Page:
May 20, 2010 - Rates plummet as stock market tumbles. Mortgage rates have decreased back below 5% again for the first time in a number of months. Home buyers and refinancing home owners get one more chance to lower their mortgage rates and payments.

March 2, 2010 - Home buyers must have contracts signed by April 30, 2010 for Home Buyer Tax Credit - While home buyers need to close on their purchase by June 30, valid contracts must be in place by April 30, 2010. Any contract dated after that date will not be eligible for the home buyer tax credit.

2010 Starts out with Race for the Home Buyer Tax Credit - Home buyers now have until April to sign a purchase contract and June 30 to close on their purchase and still qualify for the home buyer tax credit. With great deals on short sales and foreclosures and mortgage rates still relatively low, this spring may be the best opportunity to buy a home in a generation.

Home Buyer Tax Credit Extended - November 4, 2009 - Great news for home buyers: The home buyer tax credit has been extended until April 2010 and the credit is now available to home buyers who are selling an existing home. First time home buyers can get up to a $8,000 credit and existing home owners can get a credit up to $6,500 to buy a new home.

Fannie Mae and Freddie Mac Increase HARP loan to values from 105% to 125% - August 6, 2009 - Responding to the need to help borrowers who owe more than 105% of the value of their homes, the two mortgage agencies recently announced that they will increase the limits of the Home Affordable Refinance Program (HARP) from 105% to 125% loan to value. This step, just rolling out now, will extend the program to possibly several million qualified borrowers whose only impediment to refinancing has been the value decrease in their homes.

Mortgage Lenders Begin Offering 105% Refinance Program - June 30, 2009. Mortgage lenders are finally beginning to offer 105% refinance loans for both home owners and even for investor owned properties, but the program is off to a slow start as lenders navigate the underwriting details set up by Fannie Mae and Freddie Mac for borrowers to qualify for this program. Interest rates, which had spiked up earlier in the month, have started to level off and fixed rates below 5% are available again.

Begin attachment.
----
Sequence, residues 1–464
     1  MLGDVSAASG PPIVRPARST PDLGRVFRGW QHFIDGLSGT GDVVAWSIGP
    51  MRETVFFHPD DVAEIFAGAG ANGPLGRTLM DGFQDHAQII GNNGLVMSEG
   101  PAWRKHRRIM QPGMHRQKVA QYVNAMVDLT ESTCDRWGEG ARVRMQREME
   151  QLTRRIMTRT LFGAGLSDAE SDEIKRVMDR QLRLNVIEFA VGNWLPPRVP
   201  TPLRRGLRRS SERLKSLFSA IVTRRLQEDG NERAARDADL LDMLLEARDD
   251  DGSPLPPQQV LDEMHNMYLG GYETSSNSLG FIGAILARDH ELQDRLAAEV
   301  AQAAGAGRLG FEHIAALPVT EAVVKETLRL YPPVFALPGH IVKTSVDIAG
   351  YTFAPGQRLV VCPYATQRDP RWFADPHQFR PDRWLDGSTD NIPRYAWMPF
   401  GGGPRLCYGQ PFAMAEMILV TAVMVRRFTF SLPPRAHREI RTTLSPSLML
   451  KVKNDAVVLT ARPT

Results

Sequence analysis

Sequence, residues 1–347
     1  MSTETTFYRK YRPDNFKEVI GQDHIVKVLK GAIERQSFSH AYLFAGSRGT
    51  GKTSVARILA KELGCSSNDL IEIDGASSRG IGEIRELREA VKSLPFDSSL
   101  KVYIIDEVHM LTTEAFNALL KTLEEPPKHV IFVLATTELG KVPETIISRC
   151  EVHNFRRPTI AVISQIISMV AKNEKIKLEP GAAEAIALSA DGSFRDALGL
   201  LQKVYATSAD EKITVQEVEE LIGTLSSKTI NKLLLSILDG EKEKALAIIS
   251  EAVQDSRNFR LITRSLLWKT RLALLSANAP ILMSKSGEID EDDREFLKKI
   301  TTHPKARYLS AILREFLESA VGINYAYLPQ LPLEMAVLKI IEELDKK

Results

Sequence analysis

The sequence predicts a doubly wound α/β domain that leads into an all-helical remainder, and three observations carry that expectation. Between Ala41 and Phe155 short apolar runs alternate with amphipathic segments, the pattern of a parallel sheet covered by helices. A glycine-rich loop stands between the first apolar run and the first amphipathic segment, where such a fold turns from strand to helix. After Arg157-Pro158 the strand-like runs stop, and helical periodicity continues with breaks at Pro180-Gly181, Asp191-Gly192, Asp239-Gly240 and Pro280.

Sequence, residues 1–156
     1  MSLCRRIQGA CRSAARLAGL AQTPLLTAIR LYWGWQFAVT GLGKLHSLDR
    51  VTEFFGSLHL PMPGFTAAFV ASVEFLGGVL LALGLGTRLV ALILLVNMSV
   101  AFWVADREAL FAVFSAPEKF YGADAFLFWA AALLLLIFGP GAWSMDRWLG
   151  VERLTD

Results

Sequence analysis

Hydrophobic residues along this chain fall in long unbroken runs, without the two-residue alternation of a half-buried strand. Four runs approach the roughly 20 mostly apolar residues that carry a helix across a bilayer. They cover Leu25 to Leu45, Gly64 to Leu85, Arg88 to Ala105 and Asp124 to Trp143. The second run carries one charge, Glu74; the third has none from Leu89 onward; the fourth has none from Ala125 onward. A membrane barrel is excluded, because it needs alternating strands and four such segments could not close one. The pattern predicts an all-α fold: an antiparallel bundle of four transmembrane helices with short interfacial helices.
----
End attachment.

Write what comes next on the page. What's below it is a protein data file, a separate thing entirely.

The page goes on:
105% Refinance Program Takes Off as Freddie Mac Starts Their Relief Refinance Mortgage - May 12, 2009. Just as Fannie Mae got the DU Refi Plus program off the ground to help homeowners underwater with negative equity to refinance their mortgages, Freddie Mac has followed with a similar program called the Relief Refinance. For both programs, if the loan is owned by Fannie Mae or Freddie Mac and there is no mortgage insurance on the loan, then borrowers can refinance up to 105% of the current value of their home including closing costs. Borrowers can not pay off a second mortgage with either mortgage program but second mortgages can be re-subordinated (see April 21 article below) and the second mortgage can be any amount. Because the rules are extremely complicated to determine if borrowers qualify, MortgageAlmanac has set up a help request form and is offering free pre-qualifications - just click Here.

Second Mortgage Lenders Urged to Work With Borrowers Refinancing First Mortgages Under the 105% Refinance Program - April 21, 2009. The Obama Administration this past week urged second mortgage lenders to allow borrowers refinancing their first mortgages to resubordinate their second mortgage. A resubordination is required whenever a borrower takes out a new first mortgage but wants or needs to keep the existing second mortgage in place. Traditionally, second mortgage lenders will allow resubordinations but only if the borrower can show that they have equity in their property. Many homeowners attempting to refinance under the new 105% refinance program also have second mortgages. The 105% refinance program does not allow borrowers to combine a first and a second mortgage, so many borrowers with second mortgages have to ask permission of the second mortgage holder to resubordinate their loan. MortgageAlmanac.com's free pre-qualification service can help you determine if you need to resubordinate your second, modify it or both. To get started, click here.

105% Refinance Program Rolls Out Today: Submit Your Application Now- April 6, 2009. The 105% refinance option for Fannie Mae loans was rolled out today and borrowers can begin submitting applications. Borrowers with a first mortgage owned by Fannie Mae can apply for the Fannie Mae DU Refi Plus refinance loan program. Fixed rates are only slightly higher than standard fixed rates, but the real benefit to this program is the ability to refinance your first mortgage up to 105% of your existing home's value without mortgage insurance if you did not have mortgage insurance with your original loan. This program has a lot of additional details but if you qualify this program is a better option than a loan modification. Find out for free if you qualify for the 105% Fannie Mae or Freddie Mac refinance program by submitting your help request here.